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To Our Confederate Dead: Take It Down


Rounding out the city’s first Juneteenth, about three hundred people gathered in downtown Raleigh, North Carolina this Friday evening, converging around a large stone monument in the square surrounding the State Capitol building. By 9 pm, one of the monument’s bronze statues, which depict armed Confederate soldiers from the state’s Civil War period, had been strung up from a lamp post, while the growing crowd took turns spitting on the other one, eventually dragging it through the city’s streets.

Juneteenth celebrates the day of June 19, 1865, when a general from the Union Army arrived in Texas to inform the population that the Confederacy had been defeated and that those who had been enslaved were now free. Today was the first time there has been a popular recognition of the holiday across the country, although it has yet to be made an official holiday.

Raleigh Police were observing the protestors as they began to climb the monument, spray painting “Take it down” and “BLM” near its inscription, which reads “To Our Confederate Dead”. The police first stepped in when orange ropes were attached to the monument’s statues, leading to a heated face-to-face exchange between organizers and officers. In 2015, the State of North Carolina enacted a law to specifically protect “historic” and “patriotic” artworks on public grounds, when civil rights groups were demanding that monuments dedicated to the Confederacy be removed.

But on this night, officers of the law retreated, and by the time the statues were strung up and dragged through the streets, the police were no longer a visible presence. At no point in the evening was riot gear or tear gas employed, in contrast to what transpired during other confrontations over the last few weeks.

Earlier in the day, Raleigh Police Chief Cassandra Deck-Brown held a press conference to address accusations that the force she commands had discriminated on racial and sexual orientation grounds against two protestors the day before. Deck-Brown said she had hired an out-of-state investigative team to look into the matter while also claiming that “no one can see someone’s sexual orientation”. Still, she concluded, “I am concerned by the actions of some of our officers.”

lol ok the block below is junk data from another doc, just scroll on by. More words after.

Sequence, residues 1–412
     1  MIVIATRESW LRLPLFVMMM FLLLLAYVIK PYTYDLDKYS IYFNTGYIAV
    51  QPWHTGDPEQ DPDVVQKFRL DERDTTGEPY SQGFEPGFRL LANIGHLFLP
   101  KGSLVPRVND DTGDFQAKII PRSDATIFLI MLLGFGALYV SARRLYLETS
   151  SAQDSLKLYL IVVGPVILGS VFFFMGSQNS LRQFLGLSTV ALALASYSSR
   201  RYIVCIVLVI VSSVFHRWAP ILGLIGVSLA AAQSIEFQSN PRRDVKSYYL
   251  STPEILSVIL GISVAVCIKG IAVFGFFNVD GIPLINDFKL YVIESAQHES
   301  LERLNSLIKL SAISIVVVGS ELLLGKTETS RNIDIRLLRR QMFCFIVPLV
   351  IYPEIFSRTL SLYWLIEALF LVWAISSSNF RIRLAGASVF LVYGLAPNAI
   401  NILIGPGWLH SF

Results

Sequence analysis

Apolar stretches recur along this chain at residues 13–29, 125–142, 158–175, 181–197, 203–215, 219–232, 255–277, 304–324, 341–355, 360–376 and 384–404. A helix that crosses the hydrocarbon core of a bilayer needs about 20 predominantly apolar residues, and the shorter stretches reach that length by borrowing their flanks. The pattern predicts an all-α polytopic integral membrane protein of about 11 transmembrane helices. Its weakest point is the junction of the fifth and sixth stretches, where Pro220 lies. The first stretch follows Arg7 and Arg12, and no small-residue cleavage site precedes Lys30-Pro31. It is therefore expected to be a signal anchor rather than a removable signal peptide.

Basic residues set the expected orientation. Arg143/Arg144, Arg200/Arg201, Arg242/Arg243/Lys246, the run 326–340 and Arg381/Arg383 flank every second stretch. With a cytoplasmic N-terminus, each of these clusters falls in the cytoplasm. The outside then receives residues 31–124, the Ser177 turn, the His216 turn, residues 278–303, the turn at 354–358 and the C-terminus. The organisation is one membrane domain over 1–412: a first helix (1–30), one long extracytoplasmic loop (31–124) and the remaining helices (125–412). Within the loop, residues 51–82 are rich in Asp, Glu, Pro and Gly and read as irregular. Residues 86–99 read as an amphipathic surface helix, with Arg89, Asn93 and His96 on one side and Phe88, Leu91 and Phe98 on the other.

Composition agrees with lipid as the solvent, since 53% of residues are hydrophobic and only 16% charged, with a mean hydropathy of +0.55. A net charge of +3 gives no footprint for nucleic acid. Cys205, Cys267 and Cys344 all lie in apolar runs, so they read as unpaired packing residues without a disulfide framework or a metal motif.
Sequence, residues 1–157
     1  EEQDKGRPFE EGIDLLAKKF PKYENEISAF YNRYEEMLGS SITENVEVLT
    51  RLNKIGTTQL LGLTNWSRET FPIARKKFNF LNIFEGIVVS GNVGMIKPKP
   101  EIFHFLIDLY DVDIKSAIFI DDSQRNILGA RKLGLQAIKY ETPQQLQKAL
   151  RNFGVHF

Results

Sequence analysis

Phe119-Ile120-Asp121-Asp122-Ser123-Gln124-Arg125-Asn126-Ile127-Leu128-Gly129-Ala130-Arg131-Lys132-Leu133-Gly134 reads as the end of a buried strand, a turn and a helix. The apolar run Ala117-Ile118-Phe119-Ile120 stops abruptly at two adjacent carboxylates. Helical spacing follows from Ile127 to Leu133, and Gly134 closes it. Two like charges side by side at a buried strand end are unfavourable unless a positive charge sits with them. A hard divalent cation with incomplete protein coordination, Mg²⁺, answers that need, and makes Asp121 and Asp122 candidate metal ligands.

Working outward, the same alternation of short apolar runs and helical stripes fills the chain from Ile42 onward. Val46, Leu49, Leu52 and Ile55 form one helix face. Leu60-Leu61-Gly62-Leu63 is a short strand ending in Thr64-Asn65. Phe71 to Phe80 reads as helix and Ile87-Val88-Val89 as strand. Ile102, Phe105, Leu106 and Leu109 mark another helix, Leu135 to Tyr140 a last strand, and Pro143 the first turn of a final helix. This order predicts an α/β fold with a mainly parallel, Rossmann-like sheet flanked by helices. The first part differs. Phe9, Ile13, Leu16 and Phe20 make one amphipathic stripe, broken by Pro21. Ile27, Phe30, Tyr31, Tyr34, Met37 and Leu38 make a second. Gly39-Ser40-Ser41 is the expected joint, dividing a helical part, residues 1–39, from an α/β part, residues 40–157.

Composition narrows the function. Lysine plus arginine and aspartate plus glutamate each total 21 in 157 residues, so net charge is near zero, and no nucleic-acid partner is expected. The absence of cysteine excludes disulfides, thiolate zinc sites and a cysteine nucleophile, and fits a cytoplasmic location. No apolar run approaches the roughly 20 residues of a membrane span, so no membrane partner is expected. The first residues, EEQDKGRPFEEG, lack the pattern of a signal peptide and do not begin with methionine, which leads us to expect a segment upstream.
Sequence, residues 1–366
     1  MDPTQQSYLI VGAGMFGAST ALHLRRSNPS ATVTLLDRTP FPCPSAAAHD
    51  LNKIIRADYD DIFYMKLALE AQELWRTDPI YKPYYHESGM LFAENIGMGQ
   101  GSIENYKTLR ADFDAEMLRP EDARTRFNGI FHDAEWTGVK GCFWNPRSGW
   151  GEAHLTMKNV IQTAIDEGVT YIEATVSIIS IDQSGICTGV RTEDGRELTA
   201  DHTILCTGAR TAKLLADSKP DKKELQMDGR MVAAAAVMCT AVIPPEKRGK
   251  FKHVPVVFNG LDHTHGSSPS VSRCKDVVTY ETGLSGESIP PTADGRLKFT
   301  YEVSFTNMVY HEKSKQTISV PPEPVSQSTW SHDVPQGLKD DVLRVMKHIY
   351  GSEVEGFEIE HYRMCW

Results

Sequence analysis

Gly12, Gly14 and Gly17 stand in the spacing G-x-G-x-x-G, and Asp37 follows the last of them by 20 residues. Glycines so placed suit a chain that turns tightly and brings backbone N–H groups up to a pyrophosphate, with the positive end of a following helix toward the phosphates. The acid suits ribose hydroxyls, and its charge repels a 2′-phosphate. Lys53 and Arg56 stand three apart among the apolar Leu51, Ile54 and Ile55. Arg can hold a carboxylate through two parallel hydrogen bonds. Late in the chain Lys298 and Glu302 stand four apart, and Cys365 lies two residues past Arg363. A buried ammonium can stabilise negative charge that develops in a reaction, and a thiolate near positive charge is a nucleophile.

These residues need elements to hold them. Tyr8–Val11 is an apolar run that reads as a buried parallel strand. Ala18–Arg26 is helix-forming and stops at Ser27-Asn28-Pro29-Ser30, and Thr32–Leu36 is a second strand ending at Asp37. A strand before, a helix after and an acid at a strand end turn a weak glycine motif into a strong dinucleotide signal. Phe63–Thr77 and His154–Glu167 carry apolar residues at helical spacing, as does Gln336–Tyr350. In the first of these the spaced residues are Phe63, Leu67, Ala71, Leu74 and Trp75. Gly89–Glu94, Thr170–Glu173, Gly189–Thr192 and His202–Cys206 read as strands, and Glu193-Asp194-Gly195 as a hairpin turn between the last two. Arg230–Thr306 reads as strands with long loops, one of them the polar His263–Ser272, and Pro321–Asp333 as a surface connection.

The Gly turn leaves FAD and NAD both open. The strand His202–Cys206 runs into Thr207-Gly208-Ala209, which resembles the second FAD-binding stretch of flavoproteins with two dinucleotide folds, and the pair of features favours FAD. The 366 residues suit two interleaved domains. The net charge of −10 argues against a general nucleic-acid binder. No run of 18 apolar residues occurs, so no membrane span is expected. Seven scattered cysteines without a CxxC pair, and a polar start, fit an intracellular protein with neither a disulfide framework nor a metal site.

The two protestors were both young LGBTQI people of color, one of whom was in fact a minor. White Americans have long judged African American children harshly, subjecting them to arrest, incarceration, and “being tried as an adult” at ages when special consideration should be offered, if they are even guilty of anything at all. The tragedies of 17 year old Trayvon Martin in 2012 and 12 year old Tamir Rice in 2014 recall the horrific murder of 14 year old Emmet Till in 1995; their killers were either acquitted or never charged.

A drenching rain eventually dampened tonight’s demonstration. One statue remains dangling from its lamp post. The other was dragged to the front of the county courthouse and unceremoniously abandoned on its steps. A Raleigh Police SUV attempting to approach was stopped by protestors on foot, who surrounded the vehicle, forcing its driver to shift into reverse and slowly roll back up the street.

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